In Conversation With Anubha Bhonsle

Chameli Devi awardee, Anubha Bhonsle on her experiences in journalism, calamity reporting, deadlines and more.

BySomi Das
In Conversation With Anubha Bhonsle
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“A journalist’s first obligation is to truth… Being impartial is not what journalism demands. The critical step in pursuing truth is not neutrality but independence.” This statement was made by Anubha Bhonsle, CNN IBN senior editor in her acceptance speech after receiving the Chameli Devi Jain award. The award recognises the work being done by women journalists in India.

Bhonsle’s name was shortlisted for the award along with other journalists like Neha Dixit, Priyanka Dubey and former Tehelka journalist Rana Ayyub. A jury comprising Jansatta Editor Om Thanvi, Indian Express columnist Coomi Kapoor and former chief secretary of Delhi Shailaja Chandra chose Bhonsle as the recipient because of her “sensitive and compassionate” coverage of the aftermath of the Muzaffarnagar riots, the encephalitis outbreak in Eastern Uttar Pradesh and the Uttarakhand floods.

Newslaundry interviewed Bhonsle about the state of journalism today, how deadlines become a hindrance in telling the stories that matter and whether impartiality and neutrality is the core principle of journalism.

1. You won the Ramnath Goenka award for your documentary ‘Paisa, Power and Politics’ and you have also been appreciated for your Citizen Journalist programme and your coverage of the Uttarakhand flood. What subjects do you most enjoy reporting on and why?

Anubha Bhonsle: It’s tough to bracket journalism as political, human interest or social. It’s often we journalists who make these classifications. ‘Paisa, Power and Politics’ was a work of reportage on the links between those who fight elections and those who fund it, it traversed a web of issues of all kind-political and social. I have often kept people at the centre of my stories and often this makes the work we do more meaningful and real – not just to us, but to those who consume it as well. Many stories, whether political or social, go back to where the money trail is. I learnt early on-everything that seems simple is complex and everything that is complex can be made simple.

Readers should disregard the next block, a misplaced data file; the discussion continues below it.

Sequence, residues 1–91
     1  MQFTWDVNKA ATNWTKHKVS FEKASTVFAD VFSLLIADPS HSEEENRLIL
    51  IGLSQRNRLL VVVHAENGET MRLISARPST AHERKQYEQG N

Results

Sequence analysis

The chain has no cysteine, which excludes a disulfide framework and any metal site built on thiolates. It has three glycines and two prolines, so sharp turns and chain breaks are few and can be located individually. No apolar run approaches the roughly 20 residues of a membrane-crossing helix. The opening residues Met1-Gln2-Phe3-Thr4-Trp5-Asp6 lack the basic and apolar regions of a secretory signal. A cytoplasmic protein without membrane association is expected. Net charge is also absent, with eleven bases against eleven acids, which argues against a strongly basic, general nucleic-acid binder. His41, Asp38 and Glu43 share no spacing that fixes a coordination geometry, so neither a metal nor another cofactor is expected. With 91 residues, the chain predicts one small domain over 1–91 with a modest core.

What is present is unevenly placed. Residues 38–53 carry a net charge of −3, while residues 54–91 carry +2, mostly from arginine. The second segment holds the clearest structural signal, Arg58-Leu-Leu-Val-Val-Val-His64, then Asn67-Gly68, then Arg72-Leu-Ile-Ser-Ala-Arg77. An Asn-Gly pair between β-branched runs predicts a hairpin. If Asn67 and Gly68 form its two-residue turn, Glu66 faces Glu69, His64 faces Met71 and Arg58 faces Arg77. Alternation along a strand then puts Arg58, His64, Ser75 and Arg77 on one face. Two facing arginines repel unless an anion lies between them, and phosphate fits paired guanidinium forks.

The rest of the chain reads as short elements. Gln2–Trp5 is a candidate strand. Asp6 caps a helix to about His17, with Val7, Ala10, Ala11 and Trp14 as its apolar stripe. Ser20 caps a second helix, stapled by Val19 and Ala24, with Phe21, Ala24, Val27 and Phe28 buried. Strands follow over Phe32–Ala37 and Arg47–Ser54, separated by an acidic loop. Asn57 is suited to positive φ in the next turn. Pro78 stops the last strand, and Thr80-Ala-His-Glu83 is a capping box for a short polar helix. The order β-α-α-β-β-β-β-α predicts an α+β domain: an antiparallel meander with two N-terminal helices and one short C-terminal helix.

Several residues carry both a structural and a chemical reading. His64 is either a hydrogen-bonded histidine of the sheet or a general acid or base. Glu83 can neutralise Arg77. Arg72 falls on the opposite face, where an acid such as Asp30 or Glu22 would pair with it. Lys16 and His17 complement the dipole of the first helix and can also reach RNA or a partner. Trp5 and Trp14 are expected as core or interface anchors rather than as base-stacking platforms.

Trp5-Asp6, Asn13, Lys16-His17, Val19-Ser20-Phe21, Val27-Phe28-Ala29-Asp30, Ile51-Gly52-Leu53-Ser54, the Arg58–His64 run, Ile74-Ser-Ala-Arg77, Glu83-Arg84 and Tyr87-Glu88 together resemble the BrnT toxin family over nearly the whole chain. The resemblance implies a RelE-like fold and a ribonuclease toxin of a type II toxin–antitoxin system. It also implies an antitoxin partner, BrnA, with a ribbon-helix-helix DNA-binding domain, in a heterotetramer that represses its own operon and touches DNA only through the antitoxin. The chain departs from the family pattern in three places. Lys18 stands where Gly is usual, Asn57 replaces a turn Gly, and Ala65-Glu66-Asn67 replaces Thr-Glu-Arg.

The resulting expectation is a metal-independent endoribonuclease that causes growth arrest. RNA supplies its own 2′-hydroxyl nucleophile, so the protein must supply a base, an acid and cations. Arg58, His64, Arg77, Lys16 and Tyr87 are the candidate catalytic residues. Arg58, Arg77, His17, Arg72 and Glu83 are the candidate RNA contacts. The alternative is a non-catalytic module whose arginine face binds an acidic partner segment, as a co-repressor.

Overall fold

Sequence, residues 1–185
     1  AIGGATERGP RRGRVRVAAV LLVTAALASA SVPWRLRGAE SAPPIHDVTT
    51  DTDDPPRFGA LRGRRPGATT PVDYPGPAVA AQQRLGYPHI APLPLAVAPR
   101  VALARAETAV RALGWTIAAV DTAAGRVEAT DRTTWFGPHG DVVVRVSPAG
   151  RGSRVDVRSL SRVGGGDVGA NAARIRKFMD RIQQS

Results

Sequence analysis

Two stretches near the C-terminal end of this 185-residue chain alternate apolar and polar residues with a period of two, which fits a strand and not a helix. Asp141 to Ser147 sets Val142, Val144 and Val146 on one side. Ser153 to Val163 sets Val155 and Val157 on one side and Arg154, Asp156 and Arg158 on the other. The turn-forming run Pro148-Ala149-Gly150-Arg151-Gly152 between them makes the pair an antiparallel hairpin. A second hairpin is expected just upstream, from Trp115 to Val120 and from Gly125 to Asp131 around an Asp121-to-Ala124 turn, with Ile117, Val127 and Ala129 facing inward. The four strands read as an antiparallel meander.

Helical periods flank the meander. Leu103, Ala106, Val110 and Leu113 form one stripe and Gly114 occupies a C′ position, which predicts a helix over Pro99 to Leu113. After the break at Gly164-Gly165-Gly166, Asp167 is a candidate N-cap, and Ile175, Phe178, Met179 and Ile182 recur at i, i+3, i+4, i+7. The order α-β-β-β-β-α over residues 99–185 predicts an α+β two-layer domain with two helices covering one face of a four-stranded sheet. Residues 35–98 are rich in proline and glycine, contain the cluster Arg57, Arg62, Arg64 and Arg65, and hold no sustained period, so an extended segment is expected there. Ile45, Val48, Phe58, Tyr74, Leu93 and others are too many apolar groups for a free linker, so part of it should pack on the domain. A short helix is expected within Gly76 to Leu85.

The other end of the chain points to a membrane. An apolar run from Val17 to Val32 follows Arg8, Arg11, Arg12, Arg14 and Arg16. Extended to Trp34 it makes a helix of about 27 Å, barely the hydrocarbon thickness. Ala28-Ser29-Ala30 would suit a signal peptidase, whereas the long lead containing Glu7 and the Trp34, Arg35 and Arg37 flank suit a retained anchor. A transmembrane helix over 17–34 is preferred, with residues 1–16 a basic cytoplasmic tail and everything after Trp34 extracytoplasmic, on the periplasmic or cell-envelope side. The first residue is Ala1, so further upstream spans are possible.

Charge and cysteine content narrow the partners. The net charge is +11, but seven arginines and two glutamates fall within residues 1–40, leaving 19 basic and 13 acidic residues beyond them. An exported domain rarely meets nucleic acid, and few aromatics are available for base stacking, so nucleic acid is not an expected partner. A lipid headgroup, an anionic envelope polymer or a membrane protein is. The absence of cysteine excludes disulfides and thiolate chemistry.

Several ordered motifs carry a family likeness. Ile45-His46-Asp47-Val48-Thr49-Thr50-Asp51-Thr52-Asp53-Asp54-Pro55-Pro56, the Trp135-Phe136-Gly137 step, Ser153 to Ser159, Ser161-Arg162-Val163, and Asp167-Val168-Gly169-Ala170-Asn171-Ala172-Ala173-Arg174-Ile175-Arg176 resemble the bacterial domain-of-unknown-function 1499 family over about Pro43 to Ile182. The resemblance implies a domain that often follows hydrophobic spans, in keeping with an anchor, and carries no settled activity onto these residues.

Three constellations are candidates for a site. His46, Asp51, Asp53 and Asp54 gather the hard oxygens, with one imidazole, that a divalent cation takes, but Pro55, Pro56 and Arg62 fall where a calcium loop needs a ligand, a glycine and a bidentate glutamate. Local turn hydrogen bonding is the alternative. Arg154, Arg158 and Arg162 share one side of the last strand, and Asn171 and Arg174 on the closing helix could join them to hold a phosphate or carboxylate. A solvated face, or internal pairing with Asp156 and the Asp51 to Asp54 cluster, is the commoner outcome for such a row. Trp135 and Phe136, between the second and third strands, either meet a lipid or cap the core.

2. You were the first journalist to reach Kedarnath during the Uttarakhand flood coverage. How does a reporter make sure he/she doesn’t “sell” tragedy, which often news channels tend to do in such situations?

Anubha Bhonsle: The “first” bit in times of tragedy is frankly a little disturbing but a reporter on the ground and to some extent a television reporter more than a print one, is never trying to come second. So yes I reached Kedarnath first, but it was a mix of luck, some quick thinking, weather gods being kind and just some good old persisting. I had very little time as the idea was to give the first independent account of the area and bring the first voices of people who had by then spent almost five days with very little food and water. In the face of tragedy and adversity, if one can just maintains one’s centre-calm, humanity and presence of mind, the thought of “milking a tragedy” does not arise. It was broadcast news’ unrelenting coverage in a tough terrain and very complex logistics that brought the full import of the tragedy. On a different note, in times like these the reporter has to make sure that they don’t become a liability for rescue teams etc which I thought was a crisis I saw at times.

3. Recently you shared a letter written to you by representatives of the Association Of The Victims Of Uphaar Tragedy lamenting how the judgment related to the case went unreported. How, as a journalist, do you strike a balance between stories that need to be told and stories that are more immediate and “news worthy”?